A Tale of Two CEOs

Ignoring potential risks doesn’t seem to pay off. The eerily similar tale of two failing companies.

When I read about the demise of HMV, there was a quote from here that rang a bell:

The relevant chart went up and I said, “The three greatest threats to HMV are, online retailers, downloadable music and supermarkets discounting loss leader product”. Suddenly I realised the MD had stopped the meeting and was visibly angry. “I have never heard such rubbish”, he said, “I accept that supermarkets are a thorn in our side but not for the serious music, games or film buyer and as for the other two, I don’t ever see them being a real threat, downloadable music is just a fad and people will always want the atmosphere and experience of a music store rather than online shopping”.

Sounded eerily familiar, and then I managed to find it:

I outlined to the Fairfax board what I described as a ‘catastrophe scenario’, which involved losing a decent chunk of their classified advertising, and they chose to totally ignore that. Roger Corbett, who was then a board member and is now the chairman of the company, he stood up at the front of the board table and he picked up a quite fat edition of the Saturday Sydney Morning Herald that was sitting there. And he held it up in front of the board members and he said to them, ‘I don’t want anyone ever coming into this boardroom again telling us that people will buy cars or houses or look for jobs without this.’ And he thumped the big fat Saturday Sydney Morning Herald on the board table.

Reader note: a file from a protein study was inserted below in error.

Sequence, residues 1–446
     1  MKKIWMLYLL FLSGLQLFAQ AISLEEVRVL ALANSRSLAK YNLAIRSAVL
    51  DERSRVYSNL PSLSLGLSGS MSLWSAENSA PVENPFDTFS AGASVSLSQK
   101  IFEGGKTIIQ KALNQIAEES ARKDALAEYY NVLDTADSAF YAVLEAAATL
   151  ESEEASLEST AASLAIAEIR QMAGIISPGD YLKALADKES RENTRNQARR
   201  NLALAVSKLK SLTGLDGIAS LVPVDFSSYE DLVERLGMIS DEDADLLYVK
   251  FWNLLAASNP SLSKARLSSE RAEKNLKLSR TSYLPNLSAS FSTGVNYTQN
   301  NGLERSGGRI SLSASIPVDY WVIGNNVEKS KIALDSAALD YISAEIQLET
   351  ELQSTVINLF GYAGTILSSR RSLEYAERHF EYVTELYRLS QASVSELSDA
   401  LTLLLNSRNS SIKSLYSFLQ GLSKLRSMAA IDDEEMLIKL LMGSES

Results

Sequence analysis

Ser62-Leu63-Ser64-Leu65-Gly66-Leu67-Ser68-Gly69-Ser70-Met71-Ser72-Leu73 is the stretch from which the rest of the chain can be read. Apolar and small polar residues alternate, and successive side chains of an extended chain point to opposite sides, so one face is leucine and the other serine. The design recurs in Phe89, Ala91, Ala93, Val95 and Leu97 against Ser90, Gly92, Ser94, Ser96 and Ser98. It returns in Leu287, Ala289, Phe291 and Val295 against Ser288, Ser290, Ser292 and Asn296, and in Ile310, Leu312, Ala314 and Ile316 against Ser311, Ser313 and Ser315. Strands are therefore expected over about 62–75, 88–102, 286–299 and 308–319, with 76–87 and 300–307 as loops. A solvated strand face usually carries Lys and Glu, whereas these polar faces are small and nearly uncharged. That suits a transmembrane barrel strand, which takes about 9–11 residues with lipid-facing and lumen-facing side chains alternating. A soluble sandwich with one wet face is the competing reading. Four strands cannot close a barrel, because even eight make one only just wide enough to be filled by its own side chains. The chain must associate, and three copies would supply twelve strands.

Two companies, major problems, the same root-cause. You can’t always ignore problems in the hope that they go away or don’t materialise.

One thought on “A Tale of Two CEOs”

  1. To be fair I worked at Fairfax during that time and they did a much better job of staving off the online classifieds onslaught than most British newspapers! they are still amongst the top sites in cars, property and jobs in Australia. Although I think they have been losing ground recently (even amongst car sites etc, not just against ebay/gumtree) and from what I hear they’re going further and further downhill.

    I agree with your sentiment of course — the innovator’s dilemma will play out again and again…

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